Microsoft Surface 7 days in[/caption] So I’m back from the BUILD conference and I had a chance to take the Surface for a little real world spin. As a result, I have a little more data to give you guys about the Surface when used in the real world. First of all I am writing this article on the Surface keyboard and it’s not too bad at all. One major caveat though. I am on an Alaska Air flight and I decided to try and write a post during the trip back to Pasadena. As you can see from the pictures below, my palms don’t have enough room to be comfortable when typing. [caption id="attachment_29468" align="alignnone" width="640"] Surface Lap flight tray[/caption] [caption id="attachment_29467" align="alignnone" width="640"] Surface Lap flight tray 2[/caption] The problem here is when the kickstand is activated, the depth of the Surface is as long as the airline tray and it’s hard to type comfortably. As I said in previous post from BUILD, I have big hands. 🙂 Anyway, getting back to my experience with this device. I packed my MacBook Pro, iPad, iPhone, Canon camera, Portable Hard Drive, HP laptop and the Microsoft Surface on the trip with me. Unpacking and repacking my bags for the TSA was fun let me tell you. My plan was to see what role the Microsoft Surface would play in helping me do real work throughout the day and relax in my spare time.
At work during BUILD 2012In my 48 hours at BUILD, the Surface was almost an afterthought. For work, long posts and articles, the MacBook Pro worked for me for a couple of reasons.
- The 15 inch screen was just (obviously) bigger and I could do more work on there.
- I couldn’t easily find a photo/image editor in Windows RT.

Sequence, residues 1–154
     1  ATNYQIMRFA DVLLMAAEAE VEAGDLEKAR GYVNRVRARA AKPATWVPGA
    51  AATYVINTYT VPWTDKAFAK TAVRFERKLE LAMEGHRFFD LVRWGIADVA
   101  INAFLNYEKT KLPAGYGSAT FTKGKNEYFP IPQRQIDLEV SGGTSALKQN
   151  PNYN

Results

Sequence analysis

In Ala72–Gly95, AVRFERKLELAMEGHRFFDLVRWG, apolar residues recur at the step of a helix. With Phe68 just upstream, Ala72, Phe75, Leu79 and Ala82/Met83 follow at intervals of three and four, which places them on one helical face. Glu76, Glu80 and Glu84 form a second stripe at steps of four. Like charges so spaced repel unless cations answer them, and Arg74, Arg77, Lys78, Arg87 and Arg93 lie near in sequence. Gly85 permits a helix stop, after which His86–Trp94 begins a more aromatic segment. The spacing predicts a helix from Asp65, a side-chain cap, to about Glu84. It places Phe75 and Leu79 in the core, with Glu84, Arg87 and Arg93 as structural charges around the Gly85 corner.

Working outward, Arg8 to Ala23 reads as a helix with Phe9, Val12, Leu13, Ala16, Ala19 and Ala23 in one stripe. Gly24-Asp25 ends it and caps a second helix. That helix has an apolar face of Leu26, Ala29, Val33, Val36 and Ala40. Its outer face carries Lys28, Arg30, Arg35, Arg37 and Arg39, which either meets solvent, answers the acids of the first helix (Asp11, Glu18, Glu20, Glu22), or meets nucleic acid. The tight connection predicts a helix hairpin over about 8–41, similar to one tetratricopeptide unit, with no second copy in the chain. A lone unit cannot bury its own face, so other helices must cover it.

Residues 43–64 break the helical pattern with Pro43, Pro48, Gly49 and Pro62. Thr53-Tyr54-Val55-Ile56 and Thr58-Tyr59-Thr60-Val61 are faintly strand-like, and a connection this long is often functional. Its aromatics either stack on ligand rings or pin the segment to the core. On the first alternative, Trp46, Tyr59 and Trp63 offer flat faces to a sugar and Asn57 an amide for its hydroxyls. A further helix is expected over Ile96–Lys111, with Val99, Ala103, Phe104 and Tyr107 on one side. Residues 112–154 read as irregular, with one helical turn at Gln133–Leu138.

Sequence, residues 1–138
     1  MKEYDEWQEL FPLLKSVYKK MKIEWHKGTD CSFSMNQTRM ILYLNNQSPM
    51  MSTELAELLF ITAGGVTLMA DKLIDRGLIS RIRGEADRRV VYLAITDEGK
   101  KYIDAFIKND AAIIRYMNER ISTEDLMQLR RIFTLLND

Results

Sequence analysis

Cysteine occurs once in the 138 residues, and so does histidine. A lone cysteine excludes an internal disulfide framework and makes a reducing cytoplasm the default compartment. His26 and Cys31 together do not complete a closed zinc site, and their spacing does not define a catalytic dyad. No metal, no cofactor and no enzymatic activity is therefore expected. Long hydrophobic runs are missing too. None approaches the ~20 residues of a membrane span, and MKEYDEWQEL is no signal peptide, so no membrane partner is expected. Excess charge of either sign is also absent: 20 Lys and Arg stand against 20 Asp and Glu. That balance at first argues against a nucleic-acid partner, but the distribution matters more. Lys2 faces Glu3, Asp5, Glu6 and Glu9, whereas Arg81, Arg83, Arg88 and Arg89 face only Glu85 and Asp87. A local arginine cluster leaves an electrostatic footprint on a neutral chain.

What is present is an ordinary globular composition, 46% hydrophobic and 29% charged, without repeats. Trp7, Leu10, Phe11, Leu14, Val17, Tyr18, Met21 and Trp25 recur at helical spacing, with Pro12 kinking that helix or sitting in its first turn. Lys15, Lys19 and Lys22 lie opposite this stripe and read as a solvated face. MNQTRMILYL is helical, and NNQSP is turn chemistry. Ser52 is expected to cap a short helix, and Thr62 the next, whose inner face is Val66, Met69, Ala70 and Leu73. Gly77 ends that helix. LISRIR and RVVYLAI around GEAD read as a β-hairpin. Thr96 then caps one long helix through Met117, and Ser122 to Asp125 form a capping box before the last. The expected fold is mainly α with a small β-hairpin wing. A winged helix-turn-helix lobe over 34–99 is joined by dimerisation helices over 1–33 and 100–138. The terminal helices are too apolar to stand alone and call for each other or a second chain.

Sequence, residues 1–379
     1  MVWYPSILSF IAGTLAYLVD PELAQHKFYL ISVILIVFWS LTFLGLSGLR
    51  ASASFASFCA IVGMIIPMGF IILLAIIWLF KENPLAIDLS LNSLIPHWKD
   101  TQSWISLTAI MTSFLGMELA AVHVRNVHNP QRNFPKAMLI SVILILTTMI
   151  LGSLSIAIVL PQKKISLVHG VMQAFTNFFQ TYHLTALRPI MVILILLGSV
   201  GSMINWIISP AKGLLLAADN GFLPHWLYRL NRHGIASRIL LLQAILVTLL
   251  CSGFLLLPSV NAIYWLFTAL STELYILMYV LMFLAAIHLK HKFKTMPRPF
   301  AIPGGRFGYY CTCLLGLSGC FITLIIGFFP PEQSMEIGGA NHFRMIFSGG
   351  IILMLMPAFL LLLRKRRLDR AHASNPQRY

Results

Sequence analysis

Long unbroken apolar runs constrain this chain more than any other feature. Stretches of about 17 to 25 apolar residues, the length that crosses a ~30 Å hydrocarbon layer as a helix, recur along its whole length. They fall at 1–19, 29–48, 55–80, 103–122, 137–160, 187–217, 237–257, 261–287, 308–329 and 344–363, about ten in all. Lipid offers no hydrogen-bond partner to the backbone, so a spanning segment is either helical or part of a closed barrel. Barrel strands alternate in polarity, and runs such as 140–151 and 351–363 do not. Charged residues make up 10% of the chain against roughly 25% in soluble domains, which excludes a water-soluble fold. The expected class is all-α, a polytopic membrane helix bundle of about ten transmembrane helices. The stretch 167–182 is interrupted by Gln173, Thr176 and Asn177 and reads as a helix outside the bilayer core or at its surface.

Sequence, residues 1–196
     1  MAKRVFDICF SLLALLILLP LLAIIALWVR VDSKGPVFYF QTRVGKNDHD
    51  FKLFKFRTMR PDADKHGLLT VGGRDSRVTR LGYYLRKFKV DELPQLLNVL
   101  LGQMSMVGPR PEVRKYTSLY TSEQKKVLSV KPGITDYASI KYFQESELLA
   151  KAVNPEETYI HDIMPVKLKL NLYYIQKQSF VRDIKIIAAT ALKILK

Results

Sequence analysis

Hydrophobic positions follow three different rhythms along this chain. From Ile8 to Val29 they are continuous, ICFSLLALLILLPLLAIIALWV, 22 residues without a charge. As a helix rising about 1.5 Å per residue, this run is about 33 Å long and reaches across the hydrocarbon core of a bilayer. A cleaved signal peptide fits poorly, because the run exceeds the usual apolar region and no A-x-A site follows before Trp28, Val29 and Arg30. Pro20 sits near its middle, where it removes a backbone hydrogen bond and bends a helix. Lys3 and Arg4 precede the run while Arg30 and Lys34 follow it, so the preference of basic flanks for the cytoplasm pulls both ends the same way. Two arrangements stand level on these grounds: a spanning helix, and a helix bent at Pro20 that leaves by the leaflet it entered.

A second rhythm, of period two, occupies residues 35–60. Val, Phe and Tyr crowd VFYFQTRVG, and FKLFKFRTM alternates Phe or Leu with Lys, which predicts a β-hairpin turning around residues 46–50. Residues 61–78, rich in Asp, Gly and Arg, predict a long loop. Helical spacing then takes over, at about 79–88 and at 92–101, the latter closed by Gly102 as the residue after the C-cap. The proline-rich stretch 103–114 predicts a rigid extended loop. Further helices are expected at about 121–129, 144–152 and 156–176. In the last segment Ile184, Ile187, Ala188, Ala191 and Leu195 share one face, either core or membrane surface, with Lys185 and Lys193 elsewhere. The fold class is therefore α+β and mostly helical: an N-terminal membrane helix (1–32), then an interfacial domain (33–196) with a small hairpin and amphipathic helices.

- I only had IE as a browser choice.
- I had no POP mail client available.
After work in my hotelHow about when I needed to kick back and relax? Well, for that, the iPad was faster and easier to use. Part of that is because the iPad is personalized to me and I don’t have to “log in”. This is a pro and a con. As I have said before, the security of having multiple Windows profiles is one of the reasons the Surface is attractive. It makes this a tablet that can be shared comfortably by multiple people ensuring each person has their own secure private space. The downside of that equation is it (psychologically) feels like it takes longer to “log in” to a Microsoft device. Especially with a Microsoft account. It’s not supported by the facts because it’s quick to log in to the Surface, it’s more psychological.
At the airportAt an airport restaurant, the one place where the Surface shined was enabling me to use the video player to watch a couple of video files I had loaded on there via USB. That was definitely an advantage and the video was crisp and clear. There were a couple of times when the media play seemed a little sluggish, especially when I would fast forward or rewind. This didn’t happen enough to be a major problem. On the flight back I was also able to watch a couple of movie files that I had loaded and it worked great. Battery life was great and I never had that complaint.
What does this all mean?So, even though I like the device, love the detachable hybrid nature of it and the construction, 7 days in with the Surface and I am still honestly trying to figure out what role it plays. If you don’t have a laptop and need one, this can do a lot of the things you need with Microsoft Office and as long as your graphic needs are limited you should be fine. The downside is that with the Type Cover, my device cost me $690 and that’s kinda serious money. Enough to make you consider a new larger and light Windows 8 laptop. If you don’t have a tablet and need one, this is more expensive than a 4th generation iPad ($599) if you add the Type Cover. With the amount of apps in the Windows Store vs the Apple Store, it’s hard to see consumers making that long term choice. If you don’t have a tablet OR a laptop, this might be a place to start. It does come with Microsoft Office and the keyboard does kick ass. The questions that now remain are:
- Will the Windows Store fill up with valuable Windows RT apps fast enough?
- Does this device make sense compared to a Microsoft Surface Pro with legacy desktop app support?
- Is this priced properly? $499 seems very expensive for a base model.
- Do consumers really understand the difference between RT and Windows 8 Pro?
- What is Microsoft’s vision for this device? What are the use cases?